Mayor Pike’s finest Auer?

When Mayor Pike ran for office, he convinced me and thousands of others that he was truly concerned about the issues that impact those who call Bellingham home. In particular, I believed he would do

When Mayor Pike ran for office, he convinced me and thousands of others that he was truly concerned about the issues that impact those who call Bellingham home. In particular, I believed he would do

When Mayor Pike ran for office, he convinced me and thousands of others that he was truly concerned about the issues that impact those who call Bellingham home. In particular, I believed he would do everything in his power to protect the quality of life for those who already live here, while addressing the critical issues of accommodating additional growth. I especially felt that Mayor Pike would honor the Growth Management Act requirement to ensure the "vitality and character of established residential neighborhoods."

Having learned that Mayor Pike did not reappoint Bellingham Planning Commissioner David Auer, I feel completely betrayed. For years, Mr. Auer has been the ideal member of the planning commission (PC). Mr. Auer brought to the PC an unparalleled level of intelligence, dedication, thoughtfulness, caring and conviction. Most importantly, Mr. Auer worked tirelessly to ensure that the rights of Bellingham’s existing residents were looked after and protected, and he was never afraid to oversee a runaway planning department and speak up. Perhaps that is why he was not reappointed.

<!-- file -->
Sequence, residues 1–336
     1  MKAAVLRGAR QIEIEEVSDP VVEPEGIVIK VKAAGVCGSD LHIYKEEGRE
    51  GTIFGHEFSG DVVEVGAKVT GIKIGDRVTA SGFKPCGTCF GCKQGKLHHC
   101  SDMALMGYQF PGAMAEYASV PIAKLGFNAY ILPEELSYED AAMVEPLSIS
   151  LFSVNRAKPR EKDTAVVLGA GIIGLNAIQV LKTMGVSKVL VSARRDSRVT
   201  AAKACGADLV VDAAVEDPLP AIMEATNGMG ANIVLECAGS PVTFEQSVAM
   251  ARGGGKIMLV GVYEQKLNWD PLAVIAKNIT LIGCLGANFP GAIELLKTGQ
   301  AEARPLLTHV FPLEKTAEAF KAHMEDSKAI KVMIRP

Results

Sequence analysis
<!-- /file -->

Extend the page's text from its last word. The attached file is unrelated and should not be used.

Mayor Pike, what were you thinking?

(Seriously, this is an open forum, and I hope you’ll let us know.)

About Larry Horowitz

Commenting member • Member since Jan 16, 2008

Comments by Readers

John Lesow

Jan 31, 2009

It’s not often that you have Larry Horowitz, Jack Petree, and John Lesow in agreement on a planning matter, but we always treat each other with mutual respect and we are not hesitant speak out when our elected officials do something dumb.

At today’s Citizen’s Forum, Jack Petree criticized Mayor Pike’s wrongheaded decision not to re-appoint David Auer to another 4 year term on the Bellingham Planning Commission.

Mayor Pike has sent the wrong message to the Bellingham community. And that message is that if you are smart enough, and bold enough, to question the City’s Planning Department and/or the consultacracy on any contentious planning matter, you will lose your job. 

I do not know David Auer well, but through joint City/County Planning Commission meetings on the Bellingham UGA, I quickly realized that David was a thoughtful, and exceptional City Planning Commissioner with that rare appreciation of the Big Picture; the balancing of urban and rural values.

He also had a spine, and was willing to do the intellectual heavy lifting required to challenge the entrenched and ossified City Planning bureaucracy.

Mayor Pike, don’t you realize that is what Planning Commissioners are supposed to do? 

Planning Commissioners represent the people.  They are not there to rubber stamp City Planning Staff Reports that are often self-serving and the antithesis of the real vision of city neighborhoods and the rest of the County.

David Auer was a rare exception. He was dedicated to his constituiency and put in four years of time-consuming work towards a better community for us and those to follow.  To cut him off at the legs after four years was a travesty. 

Bellingham’s process for choosing Planning Commissioners by Mayoral appointment is wrong.  It only serves to perpetuate a planning mentality by Mayors that, historically, really don’t know much about planning.